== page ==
Furthermore, prophylactic treatment of S-217622 was found to prevent virus transmission among co-housed hamsters, thus demonstrating S-217622's strong in vivo antiviral activity.

Histopathological findings in the lungs of SARS-CoV-2-infected hamsters that were administered antivirals The hamsters were infected with the SARS-CoV-2 Delta variant and sacrificed at 4 dpi for histopathological examinations. S-217622 (30 mg/kg or 200 mg/kg), molnupiravir (200 mg/kg), or vehicle control (0 mg/ml) was administered from 0 to 3 dpi (a, b) or 1 to 3 dpi (c-e) twice a day following the schedules shown in Fig. 2b and 3a, respectively. a, Representative histopathological images for the lung sections obtained from the animals given antivirals indicated above each panel (n = 4). Upper and middle panels, hematoxylin and eosin (H&E) staining. Lower panels, in situ hybridization (ISH) targeting the nucleocapsid gene of SARS-CoV-2. Scale bars in upper panels, 500 μm. Scale bars in middle and lower panels, 100 μm. b, Histopathological severity score of pneumonia based on the percentage of alveolitis area in a given section. Data are shown as the median score ± 95% confidential interval with each dot representing the score of each animal. (n = 4; ns = not significant, *p<0.05 by Kruskal-Wallis test with Dunn’s test.) c-e, Cross-sectional imaging of lungs and 3D image reconstruction of whole lungs from hamsters at 4 dpi. The infected hamsters were treated with vehicle (c), S-217622 (d), or MPV (e). The whole lung tissues were stained with anti-SARS-CoV-2 spike antibody and scanned by light sheet microscopy. Arrowheads indicate foci of SARS-CoV-2-positive alveoli. Scale bars, 2 mm.

Histopathological findings in the lungs of SARS-CoV-2-infected hamsters that were administered antivirals The hamsters were infected with the SARS-CoV-2 Delta variant and sacrificed at 4 dpi for histopathological examinations. S-217622 (30 mg/kg or 200 mg/kg), molnupiravir (200 mg/kg), or vehicle control (0 mg/ml) was administered from 0 to 3 dpi (a, b) or 1 to 3 dpi (c-e) twice a day following the schedules shown in Fig. 2b and 3a, respectively. a, Representative histopathological images for the lung sections obtained from the animals given antivirals indicated above each panel (n = 4). Upper and middle panels, hematoxylin and eosin (H&E) staining. Lower panels, in situ hybridization (ISH) targeting the nucleocapsid gene of SARS-CoV-2. Scale bars in upper panels, 500 μm. Scale bars in middle and lower panels, 100 μm. b, Histopathological severity score of pneumonia based on the percentage of alveolitis area in a given section. Data are shown as the median score ± 95% confidential interval with each dot representing the score of each animal. (n = 4; ns = not significant, *p<0.05 by Kruskal-Wallis test with Dunn’s test.) c-e, Cross-sectional imaging of lungs and 3D image reconstruction of whole lungs from hamsters at 4 dpi. The infected hamsters were treated with vehicle (c), S-217622 (d), or MPV (e). The whole lung tissues were stained with anti-SARS-CoV-2 spike antibody and scanned by light sheet microscopy. Arrowheads indicate foci of SARS-CoV-2-positive alveoli. Scale bars, 2 mm.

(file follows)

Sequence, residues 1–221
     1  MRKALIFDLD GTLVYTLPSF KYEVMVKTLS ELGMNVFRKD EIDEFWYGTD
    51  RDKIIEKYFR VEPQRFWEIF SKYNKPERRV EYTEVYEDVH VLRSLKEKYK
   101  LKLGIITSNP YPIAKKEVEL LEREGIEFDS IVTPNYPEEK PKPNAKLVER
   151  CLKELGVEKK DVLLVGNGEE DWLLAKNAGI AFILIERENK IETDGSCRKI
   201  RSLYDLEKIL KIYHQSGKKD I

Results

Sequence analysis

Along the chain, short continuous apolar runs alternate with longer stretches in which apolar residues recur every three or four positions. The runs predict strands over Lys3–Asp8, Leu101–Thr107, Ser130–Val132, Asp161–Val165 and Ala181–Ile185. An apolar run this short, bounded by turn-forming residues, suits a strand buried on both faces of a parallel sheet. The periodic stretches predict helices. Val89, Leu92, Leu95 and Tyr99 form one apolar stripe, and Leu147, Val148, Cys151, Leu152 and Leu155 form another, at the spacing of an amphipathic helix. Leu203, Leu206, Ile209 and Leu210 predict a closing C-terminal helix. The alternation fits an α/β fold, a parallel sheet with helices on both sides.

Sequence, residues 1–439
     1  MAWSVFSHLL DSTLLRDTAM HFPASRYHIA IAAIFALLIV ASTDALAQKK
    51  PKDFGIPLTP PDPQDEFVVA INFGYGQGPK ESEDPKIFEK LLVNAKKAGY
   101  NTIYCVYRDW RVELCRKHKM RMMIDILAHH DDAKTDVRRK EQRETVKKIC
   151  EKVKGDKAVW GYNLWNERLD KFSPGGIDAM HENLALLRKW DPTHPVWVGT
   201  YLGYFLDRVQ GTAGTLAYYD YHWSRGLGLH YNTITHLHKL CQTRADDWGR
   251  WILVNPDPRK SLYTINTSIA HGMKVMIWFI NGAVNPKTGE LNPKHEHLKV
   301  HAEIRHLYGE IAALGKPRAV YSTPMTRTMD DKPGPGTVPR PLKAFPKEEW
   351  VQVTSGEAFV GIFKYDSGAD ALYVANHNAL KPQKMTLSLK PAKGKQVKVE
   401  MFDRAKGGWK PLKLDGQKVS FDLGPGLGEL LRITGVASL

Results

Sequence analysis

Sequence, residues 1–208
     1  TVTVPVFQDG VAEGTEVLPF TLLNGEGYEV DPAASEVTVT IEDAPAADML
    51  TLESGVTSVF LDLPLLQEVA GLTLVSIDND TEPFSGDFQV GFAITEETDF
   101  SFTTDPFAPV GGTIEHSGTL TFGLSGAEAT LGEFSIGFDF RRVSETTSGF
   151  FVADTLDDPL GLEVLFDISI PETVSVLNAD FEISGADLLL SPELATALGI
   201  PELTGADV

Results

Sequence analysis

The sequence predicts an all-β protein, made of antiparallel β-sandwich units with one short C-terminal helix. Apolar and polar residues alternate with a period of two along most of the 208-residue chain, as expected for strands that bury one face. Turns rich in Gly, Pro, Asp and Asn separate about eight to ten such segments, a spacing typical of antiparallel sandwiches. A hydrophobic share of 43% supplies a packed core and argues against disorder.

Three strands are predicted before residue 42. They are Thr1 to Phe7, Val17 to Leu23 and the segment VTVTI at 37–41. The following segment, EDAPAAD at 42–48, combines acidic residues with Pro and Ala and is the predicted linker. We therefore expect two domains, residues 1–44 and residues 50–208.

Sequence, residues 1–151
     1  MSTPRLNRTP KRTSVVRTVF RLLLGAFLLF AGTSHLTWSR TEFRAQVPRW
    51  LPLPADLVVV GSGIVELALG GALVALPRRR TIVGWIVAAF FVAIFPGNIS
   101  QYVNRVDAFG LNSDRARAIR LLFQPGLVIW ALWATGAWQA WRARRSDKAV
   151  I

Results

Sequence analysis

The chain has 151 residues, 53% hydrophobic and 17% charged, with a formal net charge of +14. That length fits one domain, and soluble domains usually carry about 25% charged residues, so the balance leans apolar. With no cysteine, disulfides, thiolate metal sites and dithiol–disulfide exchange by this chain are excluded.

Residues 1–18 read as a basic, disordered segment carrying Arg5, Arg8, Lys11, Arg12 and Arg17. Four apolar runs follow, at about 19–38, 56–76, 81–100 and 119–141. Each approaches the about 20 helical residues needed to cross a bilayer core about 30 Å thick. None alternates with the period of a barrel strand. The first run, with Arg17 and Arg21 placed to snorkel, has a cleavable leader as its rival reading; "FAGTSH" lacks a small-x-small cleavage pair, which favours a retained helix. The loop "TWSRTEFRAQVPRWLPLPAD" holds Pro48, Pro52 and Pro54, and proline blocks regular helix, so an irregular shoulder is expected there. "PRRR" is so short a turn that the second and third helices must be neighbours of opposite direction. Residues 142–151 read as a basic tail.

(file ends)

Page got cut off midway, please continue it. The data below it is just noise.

Implications

The viral spike protein, which develops amino acid changes across SARS-CoV-2 variants, is the target of current vaccines and monoclonal antibody treatments. Comparatively, viral Mpro is less diverse, thereby demonstrating that the susceptibility of SARS-CoV-2 VOCs to S-217622 is likely comparable.

Taken together, the SARS-CoV-2 Mpro is a promising target for antiviral therapies. Furthermore, the findings from the current study demonstrate that S-217622 has a unique potential in treating COVID-19.  

*Important notice

bioRxiv publishes preliminary scientific reports that are not peer-reviewed and, therefore, should not be regarded as conclusive, guide clinical practice/health-related behavior, or treated as established information.

Journal reference:
Colin Lightfoot

Written by

Colin Lightfoot

Colin graduated from the University of Chester with a B.Sc. in Biomedical Science in 2020. Since completing his undergraduate degree, he worked for NHS England as an Associate Practitioner, responsible for testing inpatients for COVID-19 on admission.